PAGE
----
“What is it about Singapore’s obsession with the new? When I was reading the newspapers these 2 days it was a question that i kept asking.
In the papers, there were plans lined up to rejuvenate Chijmes, the heritage building complex that started as the Convent for Holy Infant Jesus. The plans outlined changing the surrounding exterior walls (knocking them down), opening more entrances, building a glass ceiling and (gasp!) changing the cobbled stone floor to granite. Yes it may well attract more people by the end of all its rejuvenation works but how much of its original heritage is still retained? An American visiting professor in school echoed the same view when she learnt about the rejuvenation works to be done on Capitol building, which she was lucky enough to catch before works began. she was horrified.
And it is true from a travelers’ perspective. Traveling to other countries, I admire the old buildings and architecture that has been there for years, maybe decades, some even centuries. In Europe, we marvel at the solid stone city halls, churches and monuments which has stood the test of time… In the Asian region, homes and temples made of all wooden structure built centuries before amazes us. These places continue to attract hordes of tourists with their clicking shutters. So why is it that Singapore veers towards the other end of the line?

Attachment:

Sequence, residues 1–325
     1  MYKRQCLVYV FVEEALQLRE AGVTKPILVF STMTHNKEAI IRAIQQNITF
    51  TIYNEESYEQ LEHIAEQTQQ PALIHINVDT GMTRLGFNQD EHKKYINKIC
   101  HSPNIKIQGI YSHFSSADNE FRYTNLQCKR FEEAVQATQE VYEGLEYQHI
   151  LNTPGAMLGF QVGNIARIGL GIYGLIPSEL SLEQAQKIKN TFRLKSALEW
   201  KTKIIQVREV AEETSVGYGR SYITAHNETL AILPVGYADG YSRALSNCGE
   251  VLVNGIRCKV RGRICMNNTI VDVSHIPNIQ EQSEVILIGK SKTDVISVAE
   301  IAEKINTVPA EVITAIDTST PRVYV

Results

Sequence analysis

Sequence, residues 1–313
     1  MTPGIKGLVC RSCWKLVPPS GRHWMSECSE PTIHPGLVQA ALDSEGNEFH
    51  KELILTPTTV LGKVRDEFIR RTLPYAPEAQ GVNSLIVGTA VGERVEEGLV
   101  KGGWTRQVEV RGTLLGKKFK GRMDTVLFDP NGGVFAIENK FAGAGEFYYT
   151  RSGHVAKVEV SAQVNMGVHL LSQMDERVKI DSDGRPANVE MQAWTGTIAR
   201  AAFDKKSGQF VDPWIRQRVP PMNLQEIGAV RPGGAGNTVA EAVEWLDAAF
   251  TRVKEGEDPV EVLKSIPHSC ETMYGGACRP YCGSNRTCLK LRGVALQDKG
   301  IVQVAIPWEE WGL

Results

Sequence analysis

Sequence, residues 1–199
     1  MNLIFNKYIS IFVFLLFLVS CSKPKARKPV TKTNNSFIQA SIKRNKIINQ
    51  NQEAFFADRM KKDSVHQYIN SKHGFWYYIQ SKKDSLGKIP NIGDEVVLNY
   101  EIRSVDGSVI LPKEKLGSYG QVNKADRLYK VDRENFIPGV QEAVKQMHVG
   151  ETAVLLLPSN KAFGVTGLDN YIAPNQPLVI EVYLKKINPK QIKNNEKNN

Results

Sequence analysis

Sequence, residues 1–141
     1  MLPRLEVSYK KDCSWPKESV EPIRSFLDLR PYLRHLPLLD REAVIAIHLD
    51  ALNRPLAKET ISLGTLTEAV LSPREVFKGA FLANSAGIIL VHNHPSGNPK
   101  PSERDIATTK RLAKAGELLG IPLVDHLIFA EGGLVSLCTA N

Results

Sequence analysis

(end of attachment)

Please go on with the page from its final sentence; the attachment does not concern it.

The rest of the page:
If there is one thing I love (and all my friends know this), it is old buildings. For that reason, I alway love to walk the streets lined by the traditional Peranakan Houses and old black-and-white colonial buildings, there feels to be so much history in such places! And no, it is not the same as walking through a row of houses that only retains the exterior shell of the place it once was.
Another news article today talked about the gentrification of the Tiong Bahru Estate, another place I visited often as a child… old shopkeepers are being pushed out by the younger entrepreneurs looking to set up shop in the new ‘hip’ neighbourhood. While it is currently at the state of balance of the ‘new-old’, I somehow still feel a sense of foreboding. (yet I fill the customer niche that these new indie shops target towards. oh the irony.)
I don’t have the solution to retaining the essence of our heritage in the modern world yet, but I wish that before we continue to bring down or rejuvenate old places, we might want to think of which is the best way to do so. This takes more than simply retaining a facade and erecting a plaque explaining the lost history of the location in question.”
Permission to re-produce this post granted by blog-writer, Ramblings.